The majority of terror attacks that took place in 2014 occurred in only five countries. And they happen to be the home countries of the refugees seeking asylum in Europe. Terrorism and the refugee crisis are linked. Mass violence and instability in a few countries are forcing residents to flee for their lives.
Some 32,658 people were killed in terror attacks last year, according to a new report published Tuesday by the Institute for Economics and Peace. Its Global Terrorism Index finds that deaths from terrorism increased by 80 percent in 2014. Nearly 80 percent of the deaths took place in Afghanistan, Iraq, Nigeria, Pakistan and Syria.
“The significant increase in terrorist activity has meant that its ramifications are being felt more widely throughout the world,” said Steve Killelea, executive chairman of Institute for Economics and Peace, in a statement. “Ten of the eleven countries most affected by terrorism also have the highest rates of refugees and internal displacement. This highlights the strong inter-connectedness between the current refugee crisis, terrorism and conflict.”
A total of 13.9 million people were newly displaced in 2014. More than half came from just Syria, Afghanistan and Somalia. It overlaps almost directly with the terrorism index, and the increasing number of people leaving their countries this year is the result of the continued violence. Iraq bears the brunt of terror deaths, thanks to the rise of the Islamic State, and is now among the top countries of origin for European asylum arrivals.
The Islamic State and Boko Haram are responsible for more than half of the terrorism deaths in 2014. And most of those people are civilians. It is why the U.N. High Commissioner for Refugees António Guterres called the rising anti-refugee rhetoric in the wake of the Paris terror attacks “absolute nonsense.”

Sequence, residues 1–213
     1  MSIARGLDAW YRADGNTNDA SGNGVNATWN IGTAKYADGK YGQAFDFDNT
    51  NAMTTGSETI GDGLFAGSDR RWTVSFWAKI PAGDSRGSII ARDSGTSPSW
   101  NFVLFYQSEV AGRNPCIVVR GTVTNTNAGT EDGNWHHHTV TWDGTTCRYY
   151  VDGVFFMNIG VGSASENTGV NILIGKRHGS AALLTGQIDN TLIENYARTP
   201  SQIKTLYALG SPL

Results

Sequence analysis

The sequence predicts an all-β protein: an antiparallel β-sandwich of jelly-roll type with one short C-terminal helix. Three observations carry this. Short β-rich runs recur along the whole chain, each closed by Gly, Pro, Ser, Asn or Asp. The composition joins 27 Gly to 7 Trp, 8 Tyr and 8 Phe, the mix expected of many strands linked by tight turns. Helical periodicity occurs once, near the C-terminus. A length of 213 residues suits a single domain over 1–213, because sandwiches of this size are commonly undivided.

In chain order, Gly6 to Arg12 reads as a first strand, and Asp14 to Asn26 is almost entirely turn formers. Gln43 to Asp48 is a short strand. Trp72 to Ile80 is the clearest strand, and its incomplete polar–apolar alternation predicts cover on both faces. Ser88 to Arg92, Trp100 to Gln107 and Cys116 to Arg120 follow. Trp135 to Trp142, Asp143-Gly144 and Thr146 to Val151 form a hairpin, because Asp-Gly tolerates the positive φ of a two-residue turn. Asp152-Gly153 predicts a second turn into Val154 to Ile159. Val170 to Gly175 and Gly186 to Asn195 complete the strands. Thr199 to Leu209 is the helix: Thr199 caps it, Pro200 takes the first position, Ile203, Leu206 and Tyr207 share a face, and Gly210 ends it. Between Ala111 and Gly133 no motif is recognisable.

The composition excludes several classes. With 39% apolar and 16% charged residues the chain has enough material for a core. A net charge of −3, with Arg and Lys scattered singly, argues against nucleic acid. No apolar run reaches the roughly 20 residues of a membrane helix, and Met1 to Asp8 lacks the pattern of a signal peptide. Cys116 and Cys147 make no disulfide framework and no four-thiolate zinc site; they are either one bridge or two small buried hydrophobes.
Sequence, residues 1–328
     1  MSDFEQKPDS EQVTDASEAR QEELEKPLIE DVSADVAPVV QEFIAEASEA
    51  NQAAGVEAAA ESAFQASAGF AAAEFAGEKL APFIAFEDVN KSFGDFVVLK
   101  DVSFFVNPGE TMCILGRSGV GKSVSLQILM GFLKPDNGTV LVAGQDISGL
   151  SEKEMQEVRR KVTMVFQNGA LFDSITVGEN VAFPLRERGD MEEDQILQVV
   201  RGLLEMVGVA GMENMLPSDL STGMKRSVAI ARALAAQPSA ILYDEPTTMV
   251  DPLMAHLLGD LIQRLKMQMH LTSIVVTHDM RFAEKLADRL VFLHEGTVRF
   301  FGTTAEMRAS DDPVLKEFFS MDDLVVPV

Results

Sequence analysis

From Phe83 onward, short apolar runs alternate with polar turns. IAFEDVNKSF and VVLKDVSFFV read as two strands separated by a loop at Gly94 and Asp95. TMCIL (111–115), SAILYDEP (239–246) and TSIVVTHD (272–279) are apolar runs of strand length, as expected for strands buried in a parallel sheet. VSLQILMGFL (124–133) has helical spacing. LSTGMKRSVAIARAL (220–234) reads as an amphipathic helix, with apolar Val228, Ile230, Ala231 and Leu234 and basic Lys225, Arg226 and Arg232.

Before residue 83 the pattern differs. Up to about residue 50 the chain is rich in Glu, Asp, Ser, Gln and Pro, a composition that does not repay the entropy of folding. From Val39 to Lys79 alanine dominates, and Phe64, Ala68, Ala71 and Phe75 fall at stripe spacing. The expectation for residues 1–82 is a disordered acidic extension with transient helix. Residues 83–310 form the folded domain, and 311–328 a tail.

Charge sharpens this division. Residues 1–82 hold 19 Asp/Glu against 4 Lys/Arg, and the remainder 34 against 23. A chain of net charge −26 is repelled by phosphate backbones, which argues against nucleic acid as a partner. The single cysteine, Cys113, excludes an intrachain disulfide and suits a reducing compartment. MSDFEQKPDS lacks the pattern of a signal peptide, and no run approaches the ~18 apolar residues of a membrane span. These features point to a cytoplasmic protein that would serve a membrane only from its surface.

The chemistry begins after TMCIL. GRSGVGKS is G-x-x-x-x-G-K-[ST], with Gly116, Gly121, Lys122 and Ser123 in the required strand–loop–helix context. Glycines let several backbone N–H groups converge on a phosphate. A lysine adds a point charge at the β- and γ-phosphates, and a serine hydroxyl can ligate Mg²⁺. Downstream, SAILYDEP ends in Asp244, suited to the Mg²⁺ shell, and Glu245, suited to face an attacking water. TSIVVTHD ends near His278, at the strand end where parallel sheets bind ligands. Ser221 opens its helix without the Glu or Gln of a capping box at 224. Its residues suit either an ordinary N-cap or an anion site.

“It is not the refugee outflows that cause terrorism, it is terrorism, tyranny and war that create refugees,” he said. “It is clear that the [Islamic State] strategy is not only to set Europeans against refugees, but within Europe, to set citizen against citizen within communities, community against community within countries, and country against country in the [European] Union.”
Instability is a key driver of terrorism, according to the report. More than 90 percent of attacks take place in countries with widespread political violence committed by the government. Wealthy countries are not immune. Terror attacks in leading economies occur when there is a lack of economic opportunity and social cohesion is low, the study reported. And it is often single individuals who carry out the attacks – such as recent mass shootings in the U.S.
In poor countries, we see that ongoing fighting and fear as causes of terrorism, the same factors that force people to flee. At the same time there are increasing Western fears about domestic Islamic extremism.
Pronouncements by terror groups like the Islamic State and Boko Haram make it clear that Western countries and their citizens are among the targets. But it in these groups’ strongholds where most killings occur, and from where most people flee.